LaborTalk for February 2, 2012

Walmart Has Stores in 15 Countries;
It Can Be Unionized by Global Effort

By Harry Kelber

For years, the United Food and Commercial Workers (UFCW) tried to organize Walmart, the nation's largest retailer, but despite spending millions and the time of its organizers, it was able to unionize only two of the company's 8,970 stores in the United States and Canada.

Now, the UFCW is starting a new organizing campaign at Walmart to attract its workers (called "associates") from within the company, with almost no chance of success. And here's why:

In addition to operating in all 50 U.S. states, Walmart has stores in 15 countries that include Argentina, Brazil, Canada, Chile, China, Costa Rica, El Salvador Guatemala, Honduras, India, Japan, Morocco, Nicaragua and the United Kingdom.

To unionize Walmart requires a world-wide campaign, with worker organizations in those 15 countries joining in a coalition to demand that the world's largest employer agree to a fair contract covering all of its workers.

Walmart may find it easy to defeat a union campaign in one country, but it would face tremendous difficulty in fighting unions in 15 countries- — simultaneously

A Global Labor Campaign Can Compel Walmart to Negotiate

One of the first things the UFCW should do is to establish a working relationship with the pro-union groups in each of the 15 countries. Information should be gathered about the wages, benefits and working conditions in each country with Walmart stores. (There is an unsubstantiated rumor that Walmart has signed union contracts in all, or some, of the 15 countries.)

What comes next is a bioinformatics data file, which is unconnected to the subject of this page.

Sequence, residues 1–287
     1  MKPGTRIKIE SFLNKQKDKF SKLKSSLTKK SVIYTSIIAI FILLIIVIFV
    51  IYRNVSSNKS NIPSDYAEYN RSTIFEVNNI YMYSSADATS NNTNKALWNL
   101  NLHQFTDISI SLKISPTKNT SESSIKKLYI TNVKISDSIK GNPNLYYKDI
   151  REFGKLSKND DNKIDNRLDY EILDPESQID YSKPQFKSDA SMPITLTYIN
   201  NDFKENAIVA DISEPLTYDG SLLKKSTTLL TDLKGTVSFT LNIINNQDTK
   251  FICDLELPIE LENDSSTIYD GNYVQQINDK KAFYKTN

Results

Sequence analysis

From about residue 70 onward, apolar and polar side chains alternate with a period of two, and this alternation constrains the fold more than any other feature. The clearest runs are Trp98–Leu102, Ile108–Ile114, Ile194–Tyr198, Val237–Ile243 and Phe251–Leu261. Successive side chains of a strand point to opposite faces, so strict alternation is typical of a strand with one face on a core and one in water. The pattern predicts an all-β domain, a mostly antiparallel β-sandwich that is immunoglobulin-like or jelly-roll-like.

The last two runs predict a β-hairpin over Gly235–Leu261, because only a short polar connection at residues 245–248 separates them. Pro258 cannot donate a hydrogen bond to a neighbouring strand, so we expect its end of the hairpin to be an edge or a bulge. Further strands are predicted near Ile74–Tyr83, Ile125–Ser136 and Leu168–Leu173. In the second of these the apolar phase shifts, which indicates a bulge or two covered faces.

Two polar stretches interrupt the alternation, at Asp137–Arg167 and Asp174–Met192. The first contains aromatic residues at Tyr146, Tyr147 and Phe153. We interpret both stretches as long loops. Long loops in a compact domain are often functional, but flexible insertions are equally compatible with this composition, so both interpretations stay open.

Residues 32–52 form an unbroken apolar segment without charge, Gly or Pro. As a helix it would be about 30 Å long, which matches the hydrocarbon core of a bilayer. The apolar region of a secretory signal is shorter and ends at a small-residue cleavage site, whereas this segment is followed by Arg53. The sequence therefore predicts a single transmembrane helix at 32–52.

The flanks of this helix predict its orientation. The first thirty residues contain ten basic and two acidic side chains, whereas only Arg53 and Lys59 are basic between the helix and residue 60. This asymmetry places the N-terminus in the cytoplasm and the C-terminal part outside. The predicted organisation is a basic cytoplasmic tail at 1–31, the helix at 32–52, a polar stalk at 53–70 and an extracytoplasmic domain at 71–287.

The campaign against Walmart, with its immense wealth and resources, will be fought globally. That provides the UFCW with an opportunity to involve the new world labor organizations like the International Trade Union Confederation, ITUC), and the many industrial labor federations, like the International Metalworkers' Federation (IMF)

If the international labor movement were to bring Walmart to the bargaining table, it would also demonstrate that the AFL-CIO has become a world power to be reckoned with.

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It is unfortunate that the AFL-CIO pays so little attention to global events, where multinational corporations dominate the world labor market. In the past year, there has been hardly any information about the new world unions, including their victories.

Will the officers of the UFCW agree to become a part of a worldwide coalition to challenge Walmart? Can they induce the AFL-CIO leaders to support their campaign?

Walmart workers should be interested in their response.

LaborTalk will be posted here on February 6, 2012 and on our two web sites www.laboreducator.org and on www.laborsvoiceforchange.org.

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